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Marvel Universe
by yo go re

Though Hasbro's 4"-scaled Marvel Universe line started out strongly, with new shipments coming out regularly and even hard-to-find figures becoming plentiful eventually. Recently, though, that's stopped. The second year of figures must have been under-ordered, because finding the things is a pain. I still check the stores every time I go out, hoping to finally find Jean Grey and X-Force Warpath, but there's no sign of them. That's why, instead of waiting for a sale, I jumped on Thor as soon as he hit the pegs.

When Thor returned from the darkness of Ragnarok, he found a world far different from the one he'd left behind. He therefore resolved to concern himself more with Asgaard and its people than with the problems of humanity. Even so, the closeness he felt with the mortals of Earth led him to bring him kingdom to the mortal realm so that his fellow gods might learn what it was like to live among them.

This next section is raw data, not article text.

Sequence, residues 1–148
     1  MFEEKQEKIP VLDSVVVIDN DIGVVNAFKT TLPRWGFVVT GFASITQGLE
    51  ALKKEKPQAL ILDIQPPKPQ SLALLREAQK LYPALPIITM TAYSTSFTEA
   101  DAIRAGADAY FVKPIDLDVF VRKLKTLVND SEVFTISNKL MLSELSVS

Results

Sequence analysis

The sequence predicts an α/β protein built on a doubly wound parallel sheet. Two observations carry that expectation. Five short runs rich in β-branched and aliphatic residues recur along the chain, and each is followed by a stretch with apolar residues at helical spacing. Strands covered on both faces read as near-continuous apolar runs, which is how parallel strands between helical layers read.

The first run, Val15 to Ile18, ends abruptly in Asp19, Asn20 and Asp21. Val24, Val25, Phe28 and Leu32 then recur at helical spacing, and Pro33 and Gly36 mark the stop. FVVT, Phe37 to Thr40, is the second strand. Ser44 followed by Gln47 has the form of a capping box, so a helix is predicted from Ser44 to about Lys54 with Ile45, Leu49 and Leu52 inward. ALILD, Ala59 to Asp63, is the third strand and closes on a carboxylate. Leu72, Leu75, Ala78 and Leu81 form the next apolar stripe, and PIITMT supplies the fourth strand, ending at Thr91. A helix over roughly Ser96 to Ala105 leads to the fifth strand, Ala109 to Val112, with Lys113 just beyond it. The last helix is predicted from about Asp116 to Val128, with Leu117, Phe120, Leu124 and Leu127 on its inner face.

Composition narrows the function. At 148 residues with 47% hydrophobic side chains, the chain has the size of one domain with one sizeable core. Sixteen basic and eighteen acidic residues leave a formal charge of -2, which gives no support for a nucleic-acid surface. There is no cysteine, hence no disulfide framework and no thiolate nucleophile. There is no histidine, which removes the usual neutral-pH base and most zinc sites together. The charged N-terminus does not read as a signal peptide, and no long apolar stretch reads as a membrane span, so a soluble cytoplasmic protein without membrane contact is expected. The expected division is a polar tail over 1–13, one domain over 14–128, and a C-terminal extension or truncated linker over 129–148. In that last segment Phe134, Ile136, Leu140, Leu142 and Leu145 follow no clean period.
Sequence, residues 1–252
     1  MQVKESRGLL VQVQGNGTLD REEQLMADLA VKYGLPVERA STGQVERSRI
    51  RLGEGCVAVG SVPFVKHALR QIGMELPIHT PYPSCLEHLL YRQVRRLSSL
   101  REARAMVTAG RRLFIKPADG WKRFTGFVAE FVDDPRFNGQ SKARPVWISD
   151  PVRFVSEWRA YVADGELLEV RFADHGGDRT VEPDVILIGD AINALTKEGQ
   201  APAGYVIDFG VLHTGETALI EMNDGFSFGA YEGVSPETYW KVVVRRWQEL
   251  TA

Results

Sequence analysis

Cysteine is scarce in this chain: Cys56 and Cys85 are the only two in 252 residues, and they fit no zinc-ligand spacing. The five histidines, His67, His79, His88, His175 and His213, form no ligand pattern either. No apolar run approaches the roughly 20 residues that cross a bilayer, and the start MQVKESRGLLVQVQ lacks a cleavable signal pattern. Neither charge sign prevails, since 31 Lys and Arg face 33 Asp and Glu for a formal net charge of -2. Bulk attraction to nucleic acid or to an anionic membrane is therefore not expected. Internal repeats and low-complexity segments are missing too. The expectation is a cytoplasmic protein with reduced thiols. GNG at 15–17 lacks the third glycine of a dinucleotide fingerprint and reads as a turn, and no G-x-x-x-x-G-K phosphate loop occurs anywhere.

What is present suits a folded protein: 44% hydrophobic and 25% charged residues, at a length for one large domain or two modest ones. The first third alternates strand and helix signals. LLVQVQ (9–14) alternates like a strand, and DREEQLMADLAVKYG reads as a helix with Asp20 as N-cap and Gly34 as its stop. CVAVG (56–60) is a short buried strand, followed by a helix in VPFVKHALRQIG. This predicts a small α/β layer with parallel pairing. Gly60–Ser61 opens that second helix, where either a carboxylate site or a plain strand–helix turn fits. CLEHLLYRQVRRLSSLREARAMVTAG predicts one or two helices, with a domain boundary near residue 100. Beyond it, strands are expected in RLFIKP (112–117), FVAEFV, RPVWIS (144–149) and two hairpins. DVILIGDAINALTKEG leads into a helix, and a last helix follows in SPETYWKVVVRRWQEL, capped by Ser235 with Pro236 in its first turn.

Thor has long been one of the "big guns" of the Marvel universe. Over at DC, the "Big Three" are Superman, Batman and Wonder Woman, but for the average citizen of Marvel-world, it's Captain America, Iron Man and Thor. However, around the time the Avengers were being Disassembled, the character's popularity had fallen, and so he was written off. Like the bio says, Ragnarok happened and Thor and the rest of the Asgaardians were taken off the board for about three years. And when he came back, he came back big.